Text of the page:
CHART: How Taxpayer Dollars Were Wasted on Afghanistan’s Electrical Grid


One important part of the US reconstruction effort in Afghanistan is beefing up the country’s power grid, run by the state-owned utilities company, Da Afghanistan Breshna Sherkat. As of July 2012, only a third of Afghanistan had access to regular power, and a former UN advisor for Afghanistan told NPR that “energy remains a huge constraint for development of the country.” 

The United States is pouring tens of millions of dollars into the country to help the country commercialize its electricity, but a portion of that money is being squandered. A new report by the Special Inspector General for Afghanistan Reconstruction (SIGAR), released on Tuesday, shows that expensive electrical equipment purchased by the Pentagon is sitting unused in a warehouse near Kandahar. SIGAR also found that USAID paid a contractor $5.76 million contractor for a contract that was never completed.

SIGAR John F. Sopko wrote that both of these issues “warrant immediate attention.” Here’s the breakdown of the numbers: 

 

 

DOES IT FEEL LIKE POLITICS IS AT A BREAKING POINT?

Headshot of Editor in Chief of Mother Jones, Clara Jeffery

It sure feels that way to me, and here at Mother Jones, we’ve been thinking a lot about what journalism needs to do differently, and how we can have the biggest impact.

We kept coming back to one word: corruption. Democracy and the rule of law being undermined by those with wealth and power for their own gain. So we're launching an ambitious Mother Jones Corruption Project to do deep, time-intensive reporting on systemic corruption, and asking the MoJo community to help crowdfund it.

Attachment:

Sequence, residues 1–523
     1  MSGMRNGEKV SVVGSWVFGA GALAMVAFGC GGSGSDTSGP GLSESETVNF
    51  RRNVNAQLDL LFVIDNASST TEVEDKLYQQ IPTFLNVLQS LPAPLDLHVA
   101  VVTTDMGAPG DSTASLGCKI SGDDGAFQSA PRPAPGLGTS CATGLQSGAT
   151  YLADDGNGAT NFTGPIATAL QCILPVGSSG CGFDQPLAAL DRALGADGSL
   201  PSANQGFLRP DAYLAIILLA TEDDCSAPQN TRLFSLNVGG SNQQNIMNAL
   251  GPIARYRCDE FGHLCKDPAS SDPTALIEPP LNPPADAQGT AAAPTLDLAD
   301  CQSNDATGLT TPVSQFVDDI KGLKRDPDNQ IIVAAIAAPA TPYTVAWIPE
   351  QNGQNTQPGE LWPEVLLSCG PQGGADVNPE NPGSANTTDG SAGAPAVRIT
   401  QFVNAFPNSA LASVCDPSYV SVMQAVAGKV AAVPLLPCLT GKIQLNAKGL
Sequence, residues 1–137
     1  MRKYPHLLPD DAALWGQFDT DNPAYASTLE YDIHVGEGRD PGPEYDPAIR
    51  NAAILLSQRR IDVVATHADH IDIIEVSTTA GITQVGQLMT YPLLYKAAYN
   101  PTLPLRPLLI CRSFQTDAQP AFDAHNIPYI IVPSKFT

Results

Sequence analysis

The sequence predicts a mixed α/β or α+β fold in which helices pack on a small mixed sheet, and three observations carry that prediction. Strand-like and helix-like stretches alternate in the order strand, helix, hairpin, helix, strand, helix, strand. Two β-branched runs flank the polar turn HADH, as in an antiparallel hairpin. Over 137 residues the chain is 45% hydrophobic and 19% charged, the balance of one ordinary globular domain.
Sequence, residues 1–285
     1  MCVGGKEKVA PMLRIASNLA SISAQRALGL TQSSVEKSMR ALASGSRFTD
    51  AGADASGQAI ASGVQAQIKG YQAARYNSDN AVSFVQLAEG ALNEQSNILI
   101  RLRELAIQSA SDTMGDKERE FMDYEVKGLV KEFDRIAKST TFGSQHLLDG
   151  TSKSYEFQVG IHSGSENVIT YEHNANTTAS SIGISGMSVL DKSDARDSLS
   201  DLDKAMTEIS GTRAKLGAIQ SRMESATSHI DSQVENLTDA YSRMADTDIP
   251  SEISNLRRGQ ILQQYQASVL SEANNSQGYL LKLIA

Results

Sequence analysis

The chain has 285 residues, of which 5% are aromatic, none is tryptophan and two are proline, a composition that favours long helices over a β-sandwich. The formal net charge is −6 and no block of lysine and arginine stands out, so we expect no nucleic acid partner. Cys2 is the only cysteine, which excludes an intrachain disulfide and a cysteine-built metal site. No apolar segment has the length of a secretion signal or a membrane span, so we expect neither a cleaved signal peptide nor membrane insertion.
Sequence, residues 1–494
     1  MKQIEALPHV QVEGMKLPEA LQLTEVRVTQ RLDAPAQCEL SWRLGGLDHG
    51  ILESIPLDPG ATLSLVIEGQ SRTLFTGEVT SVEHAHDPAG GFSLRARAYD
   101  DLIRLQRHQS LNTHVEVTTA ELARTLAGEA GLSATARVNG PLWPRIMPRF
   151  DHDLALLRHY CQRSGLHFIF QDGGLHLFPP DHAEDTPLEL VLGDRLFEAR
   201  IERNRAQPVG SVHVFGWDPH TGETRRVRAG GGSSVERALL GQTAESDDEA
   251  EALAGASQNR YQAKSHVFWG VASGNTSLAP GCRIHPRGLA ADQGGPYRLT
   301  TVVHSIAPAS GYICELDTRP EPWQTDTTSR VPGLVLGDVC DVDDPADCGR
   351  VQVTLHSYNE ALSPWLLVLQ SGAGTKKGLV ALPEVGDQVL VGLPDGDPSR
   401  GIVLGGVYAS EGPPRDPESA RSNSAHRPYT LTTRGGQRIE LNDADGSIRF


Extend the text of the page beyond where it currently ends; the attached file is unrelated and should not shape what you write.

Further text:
We aim to hire, build a team, and give them the time and space needed to understand how we got here and how we might get out. We want to dig into the forces and decisions that have allowed massive conflicts of interest, influence peddling, and win-at-all-costs politics to flourish.

It's unlike anything we've done, and we have seed funding to get started, but we're looking to raise $500,000 from readers by July when we'll be making key budgeting decisions—and the more resources we have by then, the deeper we can dig. If our plan sounds good to you, please help kickstart it with a tax-deductible donation today.

Thanks for reading—whether or not you can pitch in today, or ever, I'm glad you're with us.

Signed by Clara Jeffery

Clara Jeffery, Editor-in-Chief

payment methods

We Recommend

Latest